Gamestyle Archive intro: it seems an apt time to put a Mario Kart review into the Archive given the recent current generation title hitting the market. What can I say about Mario Kart? Alex was a huge fan and when we were down in London at the Nintendo games show wanted any snippet of information about the game and how it played. I think at this time he was also doing a site specifically about the game itself. Enjoy.
Published: November 2003
It’s been the longest six months we can remember; from the first shots and details in late April to the finished game landing on our doorstep just last week, it’s been one wild ride, and joyously dragged out – some twisted quirk of time seemingly warping every second into an hour. However, two (very sore) blisters and one broken Wavebird later, we’ve finally completed the latest in the celebrated Mario Kart series, and unlocked all there is to see. And we’ve loved every minute of it. Those old enough to remember the first shots of the game will have no doubt been with us for the duration of the title’s development, or at least the portion of it that was made public.
Whilst Miyamoto-san hinted at special, as yet unseen features to the genre some time back, no one expected that to mean the now-familiar two characters per kart mechanic. Message boards were full of screaming zealots demanding the game be exactly the same whimsical ride that had come before; one character, one kart. And presumably represented the same group who complained about Zelda’s new look (but have since quietened down). Because the overhaul works – better than you’d have expected it might. Screenshots and previews are great, but nothing can convey the skill-set and tactics required to successfully master the dynamic new playing style.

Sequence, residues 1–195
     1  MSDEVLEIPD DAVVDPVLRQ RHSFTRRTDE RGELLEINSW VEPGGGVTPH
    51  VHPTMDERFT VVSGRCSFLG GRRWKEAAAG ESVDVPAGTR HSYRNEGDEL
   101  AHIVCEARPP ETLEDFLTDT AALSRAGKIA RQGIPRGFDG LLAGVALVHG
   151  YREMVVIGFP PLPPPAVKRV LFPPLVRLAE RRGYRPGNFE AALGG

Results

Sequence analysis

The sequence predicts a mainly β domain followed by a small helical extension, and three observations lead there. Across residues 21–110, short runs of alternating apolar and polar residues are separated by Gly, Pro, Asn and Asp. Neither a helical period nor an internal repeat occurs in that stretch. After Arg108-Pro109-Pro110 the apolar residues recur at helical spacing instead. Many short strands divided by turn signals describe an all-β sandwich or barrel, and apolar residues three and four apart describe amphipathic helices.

In much the same way that N64 Tetris allowed the player to tap R to ‘save’ a block, Mario Kart: Double Dash!! unlocks the ability to switch the two characters around – one driving, one in charge of weapons. With this new notion, weapons can be stored (by switching the weapon-wielding character at the back to driving duties for a while) and then brought out again at any given opportunity. It’s deeper than that, of course; each of the 16 default characters (all familiar to Nintendo regulars, except perhaps Baby Luigi) is charged with one of eight special weapons, and although the normal item blocks remain, there’s a slim chance that players will be awarded that characters’ special – a more devastating, destructive item that (with skilful use) will often determine the outcome of a race. Team character is forged, then, with these special weapons in mind – do you go for all-out attack with Mario and Luigi’s fireballs, or opt for a more balanced partnership with Koopa’s triple shells and DK’s giant bananas? The two choices determine the available karts – larger characters can only fit into the larger karts, and normal Mario Kart statistics apply here; greater top speed is often offset by lower acceleration (although later unlockable karts balance these out somewhat). The differences are less pronounced than in previous Kart games, so it’s really more a case of selecting the characters for their special weapons rather than the karts you’ll get to drive. Naturally, there’s a wide selection of tracks to drive in, too – spread over four cups (the fourth is unlockable early on), there’s the usual Luigi and Mario circuits, the obligatory slippery ice level, and some other familiar favourites.